The Hosting Spectrum: Which Solution Fits your Business?

  • Last updated on: 2018-10-26
  • Authored by: Rackspace Support

Choosing the right hosting solution is a very critical piece to your business. According to many hosting providers, the standard way of choosing hosting is to look at the market and try to fit your company into the model that has already been established. However, Rackspace encourages you to look at the needs of your business and staff and decide which hosting solution best supports what you want to do. The diagram below is a good guide with which to start your decision-making process. It essentially outlines the provider’s responsibility versus the customer’s responsibility. We encourage you to look at this diagram as an introductory piece to help you understand how much of your company’s time and efforts will be focused on managing servers or on driving innovators for your business.

In-House (Do-it-yourself)

The customer has complete ownership of the IT management stack. Along with this high degree of management, the customer undertakes a high degree of responsibility for maintaining the config 24x7x365.

Traditional Colocation

The provider offers physical space for a server on a rack. The customer is responsible for purchasing, configuring and maintaining the physical hardware (servers, firewalls, etc.), software and the operating system. The responsibility is lessened due to the provider maintaining the physical space, power, and networking, but any issues that arise outside of the provider’s responsibilities must be resolved by the customer - day or night. A colocation strategy requires that the customer select a vendor with a data center located within a reasonable distance from the IT staff, as any issues with devices, operating systems, application infrastructure, and applications must be handled by the staff.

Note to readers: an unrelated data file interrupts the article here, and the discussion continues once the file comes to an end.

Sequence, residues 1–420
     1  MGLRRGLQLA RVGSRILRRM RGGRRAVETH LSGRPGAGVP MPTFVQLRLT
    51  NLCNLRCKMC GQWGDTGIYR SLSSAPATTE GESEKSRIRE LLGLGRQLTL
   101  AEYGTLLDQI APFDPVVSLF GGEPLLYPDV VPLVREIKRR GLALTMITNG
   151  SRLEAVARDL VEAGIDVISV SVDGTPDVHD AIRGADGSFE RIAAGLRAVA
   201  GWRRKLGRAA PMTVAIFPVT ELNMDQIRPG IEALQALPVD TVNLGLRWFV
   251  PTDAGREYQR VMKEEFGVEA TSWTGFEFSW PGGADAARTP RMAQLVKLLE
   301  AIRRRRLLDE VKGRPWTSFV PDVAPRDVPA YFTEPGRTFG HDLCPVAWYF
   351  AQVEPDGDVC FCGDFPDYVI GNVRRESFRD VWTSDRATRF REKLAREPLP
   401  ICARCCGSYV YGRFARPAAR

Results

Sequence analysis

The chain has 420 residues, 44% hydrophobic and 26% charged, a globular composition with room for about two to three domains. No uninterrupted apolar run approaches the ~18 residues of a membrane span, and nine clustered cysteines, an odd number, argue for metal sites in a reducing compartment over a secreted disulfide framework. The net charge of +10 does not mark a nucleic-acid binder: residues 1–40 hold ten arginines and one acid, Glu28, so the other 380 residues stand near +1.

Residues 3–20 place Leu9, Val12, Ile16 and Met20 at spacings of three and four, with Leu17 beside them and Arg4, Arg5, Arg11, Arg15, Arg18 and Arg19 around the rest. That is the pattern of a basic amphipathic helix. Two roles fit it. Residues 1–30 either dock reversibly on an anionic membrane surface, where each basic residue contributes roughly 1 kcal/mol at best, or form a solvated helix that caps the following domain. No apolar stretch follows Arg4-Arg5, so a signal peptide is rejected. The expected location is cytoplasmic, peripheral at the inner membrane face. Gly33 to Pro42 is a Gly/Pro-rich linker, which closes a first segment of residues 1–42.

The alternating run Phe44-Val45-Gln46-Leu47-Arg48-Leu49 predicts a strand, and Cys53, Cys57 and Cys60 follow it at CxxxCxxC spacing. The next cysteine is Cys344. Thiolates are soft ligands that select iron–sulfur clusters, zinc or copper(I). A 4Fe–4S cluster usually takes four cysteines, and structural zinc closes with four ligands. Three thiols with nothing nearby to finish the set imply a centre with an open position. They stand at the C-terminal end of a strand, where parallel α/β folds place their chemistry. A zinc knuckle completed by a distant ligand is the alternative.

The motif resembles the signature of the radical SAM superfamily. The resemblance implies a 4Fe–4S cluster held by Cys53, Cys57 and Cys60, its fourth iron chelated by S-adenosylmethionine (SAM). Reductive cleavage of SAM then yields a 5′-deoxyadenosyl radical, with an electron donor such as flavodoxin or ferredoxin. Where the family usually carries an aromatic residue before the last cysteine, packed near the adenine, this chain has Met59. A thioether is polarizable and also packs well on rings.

Managed Colocation

In Managed Colocation, the provider offers the data center space, network, servers and other devices. The customer retains full control and administrative responsibility over the hosting environment (operating system and applications). This scenario creates shared responsibility. With the hosting provider managing the hardware, network and power, the responsibility of the operating system and application lies with the customer’s staff. Managed Colocation provides the desired level of control that businesses get with traditional colocation, but removes the day-to-day management of servers and network devices.

Managed Hosting

In a Managed Hosting environment, the provider owns and is responsible for the data center, network, device (i.e. servers, load balancers, firewalls, etc.), virtualization, OS and application infrastructure (i.e. web servers, application servers, database servers) of the IT infrastructure, providing a stable operating environment for the business’s applications. The IT staff manages the business applications and has full control over the operating system and application infrastructure. The customer retains control of their software and applications. Managed Hosting provides more support compared to the previous hosting options and allows businesses to focus fully on their core mission.


The provider has complete ownership of the IT management stack, including the data center, network, devices, virtualization software, operating systems, application infrastructure and applications. Fully outsourced solution providers offer service level agreements (SLAs) promising specified levels of application availability and as a result they restrict their clients from having any administrative access to their environment, including their application. This means that any changes to the application infrastructure or the application itself must be approved by the vendor and implemented according to their timetable.

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